• Northwest Commission on Colleges & Universities
  • Middle States Association of Colleges & Schools
  • North Central Association of Colleges & Schools
  • New England Association of Schools & Colleges
  • Western Association of Schools & Colleges
  • Southern Association of Colleges & Schools

The college you choose should at least have one of these accreditations if you want it to be recognized in the US and most jurisdictions.

How Respected is their Program?

Many people wrongly assume that there will be a way for employers to know that they’ve received their diploma online. The truth is that the ranking and reputation of the school’s business program is what will make the most difference. If you want to know more about what you should be looking at in a school, we strongly suggest you check out this article. This will allow you to see which programs will be more respected, and which ones you should avoid.

There is absolutely no way to differentiate an online program from one that was obtained traditionally. At the end of the day, your diploma holds just as much weight, and employees will consider candidates from a better school no matter how they had the degree. Or you could go to a school that is slightly less prestigious but has a better business faculty.

This can be tricky, however, as some students may want a school that has high brand recognition. The goal is to strike a good balance between prestige, reputation, costs, and quality. Only then will you know which college would make for the best return on your investment.

What’s Your Timeline?

One of the things that make online MBAs such a great option besides the fact that you can take them from wherever you are is how fast you can get your qualifications. Most online MBAs will allow you to get your MBA in a fraction of the time you’d normally have to through a traditional program. On the other hand, these also allow you to extend your studies to alleviate your workload.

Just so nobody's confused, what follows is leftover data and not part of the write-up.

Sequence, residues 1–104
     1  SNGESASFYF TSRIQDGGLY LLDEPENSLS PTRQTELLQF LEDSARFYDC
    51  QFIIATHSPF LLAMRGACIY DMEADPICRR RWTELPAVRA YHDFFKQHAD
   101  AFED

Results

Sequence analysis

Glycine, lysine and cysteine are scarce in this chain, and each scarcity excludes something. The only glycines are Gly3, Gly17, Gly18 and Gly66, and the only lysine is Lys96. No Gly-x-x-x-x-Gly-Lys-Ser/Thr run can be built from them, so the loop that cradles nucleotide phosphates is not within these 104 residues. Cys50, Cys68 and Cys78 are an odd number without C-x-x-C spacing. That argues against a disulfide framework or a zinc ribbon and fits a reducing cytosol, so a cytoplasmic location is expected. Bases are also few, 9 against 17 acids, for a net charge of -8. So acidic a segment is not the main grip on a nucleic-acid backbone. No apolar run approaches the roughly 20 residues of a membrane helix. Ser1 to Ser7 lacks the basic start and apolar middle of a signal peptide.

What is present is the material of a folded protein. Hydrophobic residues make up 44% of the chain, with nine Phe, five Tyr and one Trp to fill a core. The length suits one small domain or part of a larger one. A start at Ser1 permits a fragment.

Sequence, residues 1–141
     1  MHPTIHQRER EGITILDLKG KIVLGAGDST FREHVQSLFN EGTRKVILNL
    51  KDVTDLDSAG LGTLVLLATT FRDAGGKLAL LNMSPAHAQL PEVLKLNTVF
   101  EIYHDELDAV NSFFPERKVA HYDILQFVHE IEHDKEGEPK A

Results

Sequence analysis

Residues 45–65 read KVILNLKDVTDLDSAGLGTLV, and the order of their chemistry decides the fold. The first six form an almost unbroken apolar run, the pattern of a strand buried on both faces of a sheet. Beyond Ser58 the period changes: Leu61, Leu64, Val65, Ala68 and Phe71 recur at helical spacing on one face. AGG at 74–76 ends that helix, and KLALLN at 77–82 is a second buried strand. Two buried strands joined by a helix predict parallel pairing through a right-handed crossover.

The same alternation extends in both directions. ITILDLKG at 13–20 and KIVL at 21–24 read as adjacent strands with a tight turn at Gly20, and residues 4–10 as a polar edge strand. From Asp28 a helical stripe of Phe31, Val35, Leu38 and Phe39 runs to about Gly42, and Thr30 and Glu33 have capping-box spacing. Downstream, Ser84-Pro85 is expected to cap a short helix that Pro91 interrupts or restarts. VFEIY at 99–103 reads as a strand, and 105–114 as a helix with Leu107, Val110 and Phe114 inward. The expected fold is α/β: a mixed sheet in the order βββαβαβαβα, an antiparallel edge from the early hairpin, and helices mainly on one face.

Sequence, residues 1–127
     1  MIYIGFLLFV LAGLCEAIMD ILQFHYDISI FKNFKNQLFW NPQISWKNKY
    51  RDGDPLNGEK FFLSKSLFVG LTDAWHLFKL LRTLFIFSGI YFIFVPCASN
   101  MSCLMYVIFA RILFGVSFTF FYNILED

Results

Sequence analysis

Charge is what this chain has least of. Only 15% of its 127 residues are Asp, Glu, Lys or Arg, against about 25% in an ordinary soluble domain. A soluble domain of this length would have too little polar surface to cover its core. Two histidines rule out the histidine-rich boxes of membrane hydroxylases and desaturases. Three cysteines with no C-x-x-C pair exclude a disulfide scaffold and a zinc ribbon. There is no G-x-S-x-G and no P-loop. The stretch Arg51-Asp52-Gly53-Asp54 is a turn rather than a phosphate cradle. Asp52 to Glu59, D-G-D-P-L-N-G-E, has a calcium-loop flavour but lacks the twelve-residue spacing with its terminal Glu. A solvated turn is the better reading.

So, if you have a position or other responsibilities, going for an extended program could be a good option. Others might feel like they can handle the load and go for a condensed program.

Another thing you’ll have to consider is the format. Going for a condensed course might be a challenge if you’re taking synchronous courses, but much easier to manage if you can take them asynchronously. For instance, you could watch some lectures in your free time during the week and work on assignments on the weekend. Asynchronous classes allow you to fit your work around your schedule and could allow you to get your credentials fast while still being able to earn. These are all very important things that you’ll need to ask before you decide to start looking at online MBA programs. While they could be the best option for you and your career, you have to be prepared for what they entail to make sure that you’re ready for the challenges they pose.


The views expressed in this article are those of the author and not necessarily those of The Lahore Times.